Making hay while the sun shines - cash boost for vital meadow restoration

Tuesday 29th July 2014

Marbled White: Steven Williams

Avon Wildlife Trust and Nailsea Environment and Wildlife Trust are making hay while the sun shines this summer in a bid to restore precious wildflower meadows in Avon.

One year ago, HRH The Prince of Wales launched Coronation Meadows at his own meadow at Highgrove House. The second stage of this remarkable nationwide project, which aims to create new wildflower meadows across the UK, is starting this summer. 27 meadows will be restored across the country, supported by generous funding from Biffa Award.

Moorend Spout Nature Reserve in Nailsea will receive wildflower seed from the county’s Coronation Meadow - the Trust's Netcott's Meadow Nature Reserve.

Netcott's Meadow will be cut for hay which will enable wildflowers, including oxeye daisy, betony, orchids and yellow rattle to thrive next year. This work is reliant on a spell of good weather and this summer has been perfect for hay-making.

The green hay harvested from Netcott's Meadow will be strewn on Moorend Spout by volunteers from both Avon Wildlife Trust and Nailsea Environment and Wildlife Trust. Avon Wildlife Trust hopes to see meadow vetchling, knapweed, twayblade and green winged orchids grow, which will see butterflies and dragonflies arrive too.

Once the hay is strewn at Moorend Spout, the site will be rolled to bed the seed in. Next year, it will be cut in late-summer and grazed with sheep or cattle. To bolster the effort, 1000 plug plants will be planted at the site - that will be grown by two of Avon Wildlife Trust's community projects Feed Bristol and Feed Folly - over the next two years.

Joe Middleton, Reserve Manager at Avon Wildlife Trust who recently visited HRH Prince Charles to talk about the project said: “Projects like this are vital as they enable us to help nature’s recovery and inspire people to make a connection with the natural world.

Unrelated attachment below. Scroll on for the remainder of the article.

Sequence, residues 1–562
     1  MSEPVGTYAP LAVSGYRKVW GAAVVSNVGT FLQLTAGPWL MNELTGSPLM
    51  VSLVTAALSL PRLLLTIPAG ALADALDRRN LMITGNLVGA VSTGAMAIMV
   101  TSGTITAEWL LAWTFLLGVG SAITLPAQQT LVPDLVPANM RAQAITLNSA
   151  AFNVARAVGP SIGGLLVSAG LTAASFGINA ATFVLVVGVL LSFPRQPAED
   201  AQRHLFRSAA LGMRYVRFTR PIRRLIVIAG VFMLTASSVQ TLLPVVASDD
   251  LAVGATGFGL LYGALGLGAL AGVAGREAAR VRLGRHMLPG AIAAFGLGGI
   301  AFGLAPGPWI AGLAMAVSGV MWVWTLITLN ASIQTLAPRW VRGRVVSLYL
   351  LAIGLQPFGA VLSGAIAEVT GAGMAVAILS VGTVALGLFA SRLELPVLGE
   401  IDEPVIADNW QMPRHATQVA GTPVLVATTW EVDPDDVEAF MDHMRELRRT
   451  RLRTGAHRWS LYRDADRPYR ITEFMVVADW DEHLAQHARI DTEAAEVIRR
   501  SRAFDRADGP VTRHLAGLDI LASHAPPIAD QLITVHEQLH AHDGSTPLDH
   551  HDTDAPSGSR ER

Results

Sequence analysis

Meadows form a vital part of our Living Landscape and are now nationally scarce. Through this support from Biffa Award, we will be able to create and restore some of the best examples of flower-rich meadows across the UK, creating a lasting legacy for the next 60 years.”

Coronation Meadows Project Manager, Dan Merrett, said: “The Coronation Meadows represent the crown jewels of our few remaining wildflower-rich fields. 

In launching the project His Royal Highness The Prince of Wales set the challenge to mark the 60th Anniversary of The Queen’s coronation by stimulating a new mood to value our remaining meadows and use their seed to restore and create new meadows. The work today is a significant step in the concerted effort of organisations and individuals across the UK to fulfil His Royal Highness’s vision at sites with the sound management and secure future necessary to ensure that a classic British landscape, vital for so much of our wildlife, isn’t consigned to the history books.”

Tom Beeston, Chief Executive of RBST, adds: “Our native breeds were bred to utilise flower rich grasslands. Habitats such as flower-rich meadows are dependent on grazing to create the varied sward structure essential to some of our rarest plants and ground nesting birds such as lapwing and snipe. Horseshoe bats for example depend on grazed pasture and meadows in which to forage for insects. Many conservation organisations now use native breed livestock for grazing on wildlife sites, thus not only maintaining wildlife biodiversity but also that of farm animals.”